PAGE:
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Canaletto (Venice 1697-Venice 1768)

Capriccio View with Palladio's Design for the Rialto Bridge 1742

Oil on canvas | 90.5 x 130.0 cm (support, canvas/panel/stretcher external) | RCIN 404029

Picture Gallery, Buckingham Palace

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  • Palladio published his design for the Rialto Bridge in 1570 with the words:

    "Most beautiful in my judgement is the design of the bridge which follows, and very well suited to the site … in the middle of a city, … one of the greatest and most noble in Italy … and there is an enormous amount of trade … and the bridge came to be exactly … where the merchants gathered to do business."

    The Rialto was the commercial heart of Venice, the site of the only bridge over the Grand Canal. The old wooden bridge, which had been repeatedly repaired, was lined with shops and had a central section that could be raised to allow taller ships to pass. Andrea Palladio worked on several designs for the bridge with three arches but Antonio Da Ponte's single-arch design was ultimately chosen instead and built between 1588 and 1590. In his Quattro libri dell'architettura, Palladio combined the design of the old wooden bridge, lined with shops, with details from Antique bridges such as rusticated piers, aediculed niches and slender columns. His plan was in effect to bring together twin bridges and maximise the potential for trade, with six rows of shops in three streets. In fact, access to the bridge at either end would have been impractical, with the openings in the porticoes too narrow to accommodate the numbers of people using the bridge, as well as traders bringing goods over it.

    Canaletto's view is from the north, with gentle sun casting interesting shadows, modulating the colours of the stone and transforming Palladio's black and white woodcut design into a reality. Setting the bridge at a slight angle has made it more three-dimensional than the plan, revealing the four rows of columns in the central loggia and the depth of the arches below to show the massive width of Palladio's design. The façade on the extreme right may be the Palazzo dei Camerlenghi and the building on the left perhaps the Fondaco dei Tedeschi; the other surrounding buildings, however, are fictional.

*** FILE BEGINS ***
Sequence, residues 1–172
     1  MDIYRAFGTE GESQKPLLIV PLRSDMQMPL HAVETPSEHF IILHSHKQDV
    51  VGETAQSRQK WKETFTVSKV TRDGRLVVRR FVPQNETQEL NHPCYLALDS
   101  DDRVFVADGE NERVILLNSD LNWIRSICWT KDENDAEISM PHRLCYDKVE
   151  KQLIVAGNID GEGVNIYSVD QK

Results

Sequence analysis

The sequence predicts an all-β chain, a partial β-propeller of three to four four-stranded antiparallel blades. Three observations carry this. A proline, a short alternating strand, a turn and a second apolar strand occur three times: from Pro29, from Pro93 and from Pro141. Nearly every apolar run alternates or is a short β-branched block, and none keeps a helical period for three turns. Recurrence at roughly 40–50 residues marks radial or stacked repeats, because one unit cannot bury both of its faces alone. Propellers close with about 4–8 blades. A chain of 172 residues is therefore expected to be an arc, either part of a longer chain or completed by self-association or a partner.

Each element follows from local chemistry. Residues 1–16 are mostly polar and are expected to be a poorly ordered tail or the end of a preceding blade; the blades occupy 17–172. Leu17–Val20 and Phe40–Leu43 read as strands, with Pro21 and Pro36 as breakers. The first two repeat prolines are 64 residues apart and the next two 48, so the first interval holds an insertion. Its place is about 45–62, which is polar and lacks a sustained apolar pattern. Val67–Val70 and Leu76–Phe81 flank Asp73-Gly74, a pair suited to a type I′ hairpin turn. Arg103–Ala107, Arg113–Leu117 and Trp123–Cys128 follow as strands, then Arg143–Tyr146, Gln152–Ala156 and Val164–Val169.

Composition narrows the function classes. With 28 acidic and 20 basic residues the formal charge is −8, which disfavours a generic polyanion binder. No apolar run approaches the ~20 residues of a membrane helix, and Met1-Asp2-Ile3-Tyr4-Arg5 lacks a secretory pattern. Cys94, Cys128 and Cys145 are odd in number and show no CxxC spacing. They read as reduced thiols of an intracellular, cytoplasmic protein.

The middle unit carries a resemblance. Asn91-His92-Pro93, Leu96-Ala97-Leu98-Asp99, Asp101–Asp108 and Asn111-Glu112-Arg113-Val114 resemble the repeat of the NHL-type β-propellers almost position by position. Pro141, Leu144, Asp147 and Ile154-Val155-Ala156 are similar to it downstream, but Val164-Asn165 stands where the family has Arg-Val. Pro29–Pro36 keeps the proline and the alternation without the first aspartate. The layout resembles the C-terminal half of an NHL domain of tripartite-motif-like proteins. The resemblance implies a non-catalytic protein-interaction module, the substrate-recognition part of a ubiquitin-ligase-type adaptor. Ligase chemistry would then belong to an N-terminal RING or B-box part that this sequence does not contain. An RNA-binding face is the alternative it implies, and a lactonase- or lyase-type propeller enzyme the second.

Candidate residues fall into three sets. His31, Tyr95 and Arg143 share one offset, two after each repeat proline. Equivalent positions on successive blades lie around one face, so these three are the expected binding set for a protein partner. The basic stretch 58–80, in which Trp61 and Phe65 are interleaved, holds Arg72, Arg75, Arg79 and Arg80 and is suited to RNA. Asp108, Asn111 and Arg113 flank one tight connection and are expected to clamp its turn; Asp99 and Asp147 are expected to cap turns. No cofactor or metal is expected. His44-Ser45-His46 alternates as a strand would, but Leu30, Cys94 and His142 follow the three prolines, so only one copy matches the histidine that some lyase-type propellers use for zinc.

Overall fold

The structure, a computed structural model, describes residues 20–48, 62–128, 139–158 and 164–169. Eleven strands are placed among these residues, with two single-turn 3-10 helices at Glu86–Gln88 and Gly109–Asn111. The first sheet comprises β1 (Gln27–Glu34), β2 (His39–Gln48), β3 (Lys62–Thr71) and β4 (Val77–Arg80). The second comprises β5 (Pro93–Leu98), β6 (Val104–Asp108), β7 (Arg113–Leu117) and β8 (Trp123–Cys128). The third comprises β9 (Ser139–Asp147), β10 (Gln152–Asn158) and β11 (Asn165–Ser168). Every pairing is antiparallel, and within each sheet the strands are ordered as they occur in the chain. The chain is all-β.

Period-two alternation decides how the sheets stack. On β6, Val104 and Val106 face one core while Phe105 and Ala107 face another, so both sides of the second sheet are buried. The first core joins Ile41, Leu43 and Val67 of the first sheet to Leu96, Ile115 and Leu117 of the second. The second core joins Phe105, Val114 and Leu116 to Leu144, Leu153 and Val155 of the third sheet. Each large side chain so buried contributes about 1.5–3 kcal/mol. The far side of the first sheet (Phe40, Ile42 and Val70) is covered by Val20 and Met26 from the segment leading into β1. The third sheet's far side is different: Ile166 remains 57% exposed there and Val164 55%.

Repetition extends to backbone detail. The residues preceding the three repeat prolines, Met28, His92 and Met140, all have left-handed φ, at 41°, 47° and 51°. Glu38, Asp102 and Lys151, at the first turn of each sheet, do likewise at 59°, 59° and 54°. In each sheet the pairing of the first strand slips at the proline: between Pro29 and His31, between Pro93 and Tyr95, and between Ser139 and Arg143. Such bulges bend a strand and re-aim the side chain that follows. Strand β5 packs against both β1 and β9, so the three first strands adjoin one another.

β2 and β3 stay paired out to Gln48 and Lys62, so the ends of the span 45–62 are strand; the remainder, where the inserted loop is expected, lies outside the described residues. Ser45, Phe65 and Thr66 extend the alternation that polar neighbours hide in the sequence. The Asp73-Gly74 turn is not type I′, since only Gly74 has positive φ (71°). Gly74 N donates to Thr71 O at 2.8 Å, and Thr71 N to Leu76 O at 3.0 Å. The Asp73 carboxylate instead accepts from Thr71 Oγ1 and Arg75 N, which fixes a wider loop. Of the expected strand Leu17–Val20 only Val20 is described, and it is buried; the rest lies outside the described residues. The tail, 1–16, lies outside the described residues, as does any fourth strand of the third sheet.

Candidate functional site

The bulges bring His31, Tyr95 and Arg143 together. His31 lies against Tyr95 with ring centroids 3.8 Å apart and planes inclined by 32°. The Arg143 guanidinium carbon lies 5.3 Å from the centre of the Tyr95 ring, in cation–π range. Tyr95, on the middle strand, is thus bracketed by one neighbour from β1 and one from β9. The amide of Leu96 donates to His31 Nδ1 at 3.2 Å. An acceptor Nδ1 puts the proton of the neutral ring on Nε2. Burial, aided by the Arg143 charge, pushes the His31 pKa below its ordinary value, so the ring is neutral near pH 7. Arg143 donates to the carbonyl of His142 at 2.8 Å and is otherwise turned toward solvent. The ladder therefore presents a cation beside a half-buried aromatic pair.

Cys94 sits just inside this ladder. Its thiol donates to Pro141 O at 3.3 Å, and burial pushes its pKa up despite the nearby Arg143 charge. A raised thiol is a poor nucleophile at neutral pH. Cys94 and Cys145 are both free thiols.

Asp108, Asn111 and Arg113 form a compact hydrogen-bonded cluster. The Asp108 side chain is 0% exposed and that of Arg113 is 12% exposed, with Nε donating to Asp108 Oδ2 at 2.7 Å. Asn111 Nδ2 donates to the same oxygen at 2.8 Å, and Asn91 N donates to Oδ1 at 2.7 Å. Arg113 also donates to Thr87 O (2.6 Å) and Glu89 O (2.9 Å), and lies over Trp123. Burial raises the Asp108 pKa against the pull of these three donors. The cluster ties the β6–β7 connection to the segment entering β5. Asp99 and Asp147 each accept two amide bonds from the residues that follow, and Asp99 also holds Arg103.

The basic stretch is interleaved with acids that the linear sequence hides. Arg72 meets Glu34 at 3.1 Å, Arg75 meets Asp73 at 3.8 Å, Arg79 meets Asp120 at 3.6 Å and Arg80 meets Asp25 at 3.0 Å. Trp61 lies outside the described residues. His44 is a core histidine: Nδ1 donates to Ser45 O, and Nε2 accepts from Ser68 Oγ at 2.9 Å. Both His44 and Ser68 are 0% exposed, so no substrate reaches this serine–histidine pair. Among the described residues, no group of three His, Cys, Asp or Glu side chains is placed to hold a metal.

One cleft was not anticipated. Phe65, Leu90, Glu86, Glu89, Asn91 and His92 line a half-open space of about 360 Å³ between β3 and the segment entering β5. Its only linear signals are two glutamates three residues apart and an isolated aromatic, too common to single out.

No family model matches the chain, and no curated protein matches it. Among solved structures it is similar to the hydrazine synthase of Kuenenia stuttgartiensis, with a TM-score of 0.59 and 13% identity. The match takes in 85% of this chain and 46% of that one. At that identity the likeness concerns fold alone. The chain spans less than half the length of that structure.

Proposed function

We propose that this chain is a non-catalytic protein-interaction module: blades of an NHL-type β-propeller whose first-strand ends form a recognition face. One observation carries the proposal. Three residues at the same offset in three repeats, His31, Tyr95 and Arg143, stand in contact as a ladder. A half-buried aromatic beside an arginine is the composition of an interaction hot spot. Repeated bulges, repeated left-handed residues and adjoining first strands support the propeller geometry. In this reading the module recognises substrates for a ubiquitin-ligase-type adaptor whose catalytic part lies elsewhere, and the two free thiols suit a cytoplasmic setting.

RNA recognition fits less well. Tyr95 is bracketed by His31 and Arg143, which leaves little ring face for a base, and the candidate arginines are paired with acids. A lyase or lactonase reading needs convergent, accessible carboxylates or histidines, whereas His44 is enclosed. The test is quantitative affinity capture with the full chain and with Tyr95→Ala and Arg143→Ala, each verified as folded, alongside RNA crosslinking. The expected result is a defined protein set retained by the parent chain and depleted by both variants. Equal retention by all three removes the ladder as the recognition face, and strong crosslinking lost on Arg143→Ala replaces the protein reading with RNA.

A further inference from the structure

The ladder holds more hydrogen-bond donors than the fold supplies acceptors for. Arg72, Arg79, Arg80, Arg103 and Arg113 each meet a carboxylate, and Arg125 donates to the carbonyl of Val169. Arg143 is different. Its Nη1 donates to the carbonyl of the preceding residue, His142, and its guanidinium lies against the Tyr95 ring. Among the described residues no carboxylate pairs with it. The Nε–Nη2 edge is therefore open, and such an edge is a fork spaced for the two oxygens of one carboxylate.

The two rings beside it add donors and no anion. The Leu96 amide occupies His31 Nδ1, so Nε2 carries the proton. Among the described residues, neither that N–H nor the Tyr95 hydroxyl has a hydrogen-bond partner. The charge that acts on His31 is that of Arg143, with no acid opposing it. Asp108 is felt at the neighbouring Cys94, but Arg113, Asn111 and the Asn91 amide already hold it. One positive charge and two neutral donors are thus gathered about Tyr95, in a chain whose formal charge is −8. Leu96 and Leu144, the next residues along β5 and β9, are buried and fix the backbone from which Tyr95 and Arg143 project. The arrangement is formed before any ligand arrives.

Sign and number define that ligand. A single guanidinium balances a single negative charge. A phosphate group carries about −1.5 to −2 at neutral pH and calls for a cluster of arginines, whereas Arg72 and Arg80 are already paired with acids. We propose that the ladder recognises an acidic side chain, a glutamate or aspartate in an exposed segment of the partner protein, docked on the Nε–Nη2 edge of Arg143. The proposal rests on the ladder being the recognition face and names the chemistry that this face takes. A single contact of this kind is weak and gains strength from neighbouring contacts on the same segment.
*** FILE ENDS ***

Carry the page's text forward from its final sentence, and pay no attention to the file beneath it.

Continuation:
Francesco Algarotti commissioned a second painting of the bridge at about the same date, flanked by two of Palladio's palaces in Vicenza. Many other versions of the composition exist, the best known being in the Galleria Nazionale, Parma. A pendant, also in Parma, has an imaginary bridge based on that of Palladio and an invented circular building on the left. According to Algarotti, nature and art are united by combining the real and the imaginary. Canaletto's skill lay in creating a view so deceptively realistic that even though this Palladian bridge was never built, many Venetians had asked Algarotti where this site in the city was that they had not yet seen.

    This painting is one of a series of thirteen overdoors by Canaletto, all with the same provenance. The views are imaginary, but they incorporate recognisable Venetian buildings and settings. Of the thirteen pictures, nine survive in the Royal Collection.

    Signed along the side of the quay at the lower right: ACanal F

    Text adapted from Canaletto & the Art of Venice, 2017.

    Acquired by George III from the collection of Consul Smith in 1762 (Italian List no 85); recorded in the Duke of Cumberland's apartments in St James's Palace in 1819 (no 1085)

  • Medium and techniques

    Oil on canvas


    90.5 x 130.0 cm (support, canvas/panel/stretcher external)

    112.5 x 152.0 x 14.5 cm (frame, external)

  • Alternative title(s)

    Venice: Caprice View with Palladio's Design for the Rialto

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